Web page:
Qawwali is the
traditional form of Islamic song found in India and Pakistan. The word qawwali is derived from the Arabic word Qaol which
means "axiom" or "dictum". A Qawwal is one who sings qawwali, or the dictums of the prophets and praises of God. The Qawwali
is closely linked to the spiritual and artistic life of northern India and Pakistan.
SPIRITUAL ASPECT OF QAWWALI
The qawwali is inextricably linked to the Sufi tradition;
Sufism is a mystical school of Islamic thought which strives to attain truth and divine love by direct personal experience.
In Arabic, this mysticism is known as tasawwuf. The difference between Sufism and mainstream Islam is simple. All Muslims
believe that man is on a path to God (tariqah). However, where the mainstream Muslim believes that it is only possible to
reach God after death at the final judgement, the Sufi believes that it is possible to reach God during ones life. To this
end there are a number of different techniques and methods.
The Koran instructs man to remember God. This remembrance, known as dhikr, may be either
silent of vocal. The qawwali may be viewed as an extension of the vocal form of this remembrance. The use of music as a spiritual
force was discussed in great length by al-Gazali (1085-1111).
By the end of the 11th century, there arose the tradition of the sama. The sama was often
a spiritual concert, which included a vocalist, and instrumentalists. These samas took place under the direction of a spiritually
respected man (shaikh).
There is a very specific psychological process which a qawwali follows. One starts with
the singing of the song. In this psychological state the song is received in a manner that is not unlike standard forms of
musical expression. The words are sung, quite repeatedly with variations intended to bring out deeper means of the lyrics.
After awhile there is a repetition to the extent that the words cease to have a meaning. It is the goal here to lead the listener
and performer alike into a trance (hal). In the ideal situation the participant is moved to a state of spiritual enlightenment
HISTORY OF THE QAWWALI
The origins of qawwali probably predate the birth of
Muhammad. The earliest Islamic scholars discussed the spiritual effects of music, but it was only in the time of al-Gazali
(1085-1111) that these principles were refined and codified.
These principles were then expanded by the Chisti school of Sufism. It is this order that
has been responsible for the propagation of the qawwali in India and Pakistan for then last few centuries. The origin of the
Chisti school is unclear. Most believe that it was established by Khwaj Moinuddin Hasan Chisti (1143-1234). However there
are a some who hold that the originator was Abu Ishaq Shami Chisti who died in Damascus in 940 C.E.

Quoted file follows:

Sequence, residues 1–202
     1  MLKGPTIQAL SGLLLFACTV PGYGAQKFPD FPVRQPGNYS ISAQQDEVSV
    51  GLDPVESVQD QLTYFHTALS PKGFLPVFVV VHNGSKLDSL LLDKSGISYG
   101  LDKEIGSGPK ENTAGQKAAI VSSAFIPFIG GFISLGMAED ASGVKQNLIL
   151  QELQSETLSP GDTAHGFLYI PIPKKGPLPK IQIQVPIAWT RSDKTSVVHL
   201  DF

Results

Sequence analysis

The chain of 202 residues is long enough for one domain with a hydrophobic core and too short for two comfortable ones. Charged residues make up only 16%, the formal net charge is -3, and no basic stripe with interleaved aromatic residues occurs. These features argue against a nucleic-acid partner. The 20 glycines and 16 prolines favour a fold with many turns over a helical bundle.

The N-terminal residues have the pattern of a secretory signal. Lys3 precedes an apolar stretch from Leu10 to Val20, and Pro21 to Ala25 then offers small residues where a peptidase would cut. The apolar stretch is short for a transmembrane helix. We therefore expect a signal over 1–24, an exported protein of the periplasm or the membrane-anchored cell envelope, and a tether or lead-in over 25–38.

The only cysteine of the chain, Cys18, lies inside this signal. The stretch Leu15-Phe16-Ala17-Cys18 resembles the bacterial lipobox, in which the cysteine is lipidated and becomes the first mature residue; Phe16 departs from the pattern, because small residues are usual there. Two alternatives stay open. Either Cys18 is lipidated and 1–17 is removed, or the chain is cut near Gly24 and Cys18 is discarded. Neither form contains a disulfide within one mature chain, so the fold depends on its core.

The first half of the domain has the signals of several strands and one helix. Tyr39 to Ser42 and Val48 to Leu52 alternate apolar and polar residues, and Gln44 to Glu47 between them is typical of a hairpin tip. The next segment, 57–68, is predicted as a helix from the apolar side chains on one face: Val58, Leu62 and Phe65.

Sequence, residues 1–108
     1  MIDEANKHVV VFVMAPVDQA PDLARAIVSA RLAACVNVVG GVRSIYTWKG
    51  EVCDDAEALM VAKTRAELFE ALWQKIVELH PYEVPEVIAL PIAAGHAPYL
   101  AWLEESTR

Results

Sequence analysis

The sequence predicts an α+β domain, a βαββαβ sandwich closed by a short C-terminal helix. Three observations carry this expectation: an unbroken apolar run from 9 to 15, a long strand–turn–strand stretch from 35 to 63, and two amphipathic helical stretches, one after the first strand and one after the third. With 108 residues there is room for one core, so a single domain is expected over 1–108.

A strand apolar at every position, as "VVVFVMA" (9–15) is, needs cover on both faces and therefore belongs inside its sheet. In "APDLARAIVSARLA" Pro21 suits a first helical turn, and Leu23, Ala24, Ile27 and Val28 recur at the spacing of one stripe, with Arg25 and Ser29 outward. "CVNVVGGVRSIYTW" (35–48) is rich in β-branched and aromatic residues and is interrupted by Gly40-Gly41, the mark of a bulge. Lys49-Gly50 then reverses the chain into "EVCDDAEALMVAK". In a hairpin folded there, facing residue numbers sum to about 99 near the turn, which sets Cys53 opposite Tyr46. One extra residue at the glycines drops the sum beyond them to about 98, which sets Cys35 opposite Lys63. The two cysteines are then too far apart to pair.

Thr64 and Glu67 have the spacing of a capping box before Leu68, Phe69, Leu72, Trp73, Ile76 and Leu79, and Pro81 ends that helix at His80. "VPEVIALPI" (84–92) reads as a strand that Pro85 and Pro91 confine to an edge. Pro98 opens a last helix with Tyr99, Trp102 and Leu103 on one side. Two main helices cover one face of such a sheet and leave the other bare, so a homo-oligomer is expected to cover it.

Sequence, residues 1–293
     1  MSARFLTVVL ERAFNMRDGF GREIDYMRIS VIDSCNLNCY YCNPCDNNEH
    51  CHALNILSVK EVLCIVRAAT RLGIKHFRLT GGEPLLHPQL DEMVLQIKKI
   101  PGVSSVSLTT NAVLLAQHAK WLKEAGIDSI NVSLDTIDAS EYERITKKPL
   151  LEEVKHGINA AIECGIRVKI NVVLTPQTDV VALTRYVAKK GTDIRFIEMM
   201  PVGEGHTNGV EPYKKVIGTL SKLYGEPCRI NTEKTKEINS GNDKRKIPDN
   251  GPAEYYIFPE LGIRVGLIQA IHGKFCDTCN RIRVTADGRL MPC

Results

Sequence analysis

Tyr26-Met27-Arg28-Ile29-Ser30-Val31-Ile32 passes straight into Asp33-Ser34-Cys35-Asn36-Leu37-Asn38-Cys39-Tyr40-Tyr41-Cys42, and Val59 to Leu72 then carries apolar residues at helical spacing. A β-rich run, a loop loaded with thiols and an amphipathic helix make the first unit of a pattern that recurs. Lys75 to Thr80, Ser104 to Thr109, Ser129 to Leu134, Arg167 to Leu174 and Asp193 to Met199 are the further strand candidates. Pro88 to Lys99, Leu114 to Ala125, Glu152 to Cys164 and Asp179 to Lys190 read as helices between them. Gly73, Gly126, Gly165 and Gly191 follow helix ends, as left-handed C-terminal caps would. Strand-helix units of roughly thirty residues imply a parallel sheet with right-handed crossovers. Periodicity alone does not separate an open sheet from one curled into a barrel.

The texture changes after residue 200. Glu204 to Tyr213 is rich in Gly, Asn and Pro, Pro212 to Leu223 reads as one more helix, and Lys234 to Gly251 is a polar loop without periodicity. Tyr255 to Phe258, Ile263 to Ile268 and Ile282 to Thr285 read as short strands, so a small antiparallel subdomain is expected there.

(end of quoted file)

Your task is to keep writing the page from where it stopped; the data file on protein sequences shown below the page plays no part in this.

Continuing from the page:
Khwaj Moinuddin Hasan Chisti was undoubtedly responsible for the widespread propagation
of this school of Sufism. It is said that he was born in Sijistan. At a young age, he was influenced by several saintly men,
including Ibrahim Qahandazi, and Shaikh Abdul Qadir Jilli. He immigrated to Delhi and became a very respected saint. He later
grew tired of the life in Delhi and withdrew to the peace and quite of Ajmer (Rajasthan) where he lived the remainder of his
One of the followers of the Chisti school was a man by the name of Shaikh Nizamuddin Auliya
(1236-1325). He was born in Budaun, but at the age of 20 he moved to Ajodhan and became a disciple of Fariduddin Ganj-i-Shakkar.
It is said that it was here that he received the key to inner illumination. He was then sent to Delhi to instruct the populous.
Here he acquired a reputation for using music in his devotional gatherings. This created a great amount of friction with the
more orthodox Islamic elements in Delhi.
Nizamuddin Auliya was, and still is, a source of inspiration for countless people. Even
today there is an annual gathering at his tomb.
One man who was inspired by the Hazrat Nizamuddin was Amir Khusru (1254-1324). He was
born in Mominpur (Patiala). His father was originally from Turkey, this gave the young boy a broader exposure to the rest
of the Islamic world. His father died when he was eight years old, whereupon the job of raising him fell to his maternal grandfather.
Amir Khusru was a legendary musician, statesman and philosopher. It is said that he was the advisor to 11 rulers of Delhi,
particularly the rulers of the Khilji Dynasty (Deva 1973:76).
Amir Khusru is so important to the development of qawwali that he is often (erroneously)
said to be the inventor of it. It is said that he mixed the various musical elements from Turkey, greater Persia and India
together. Even today, we find the curious mixture of Persian moqquams with Indian rags.
The development of the qawwali up to the latter part of the Mogul empire closely parallels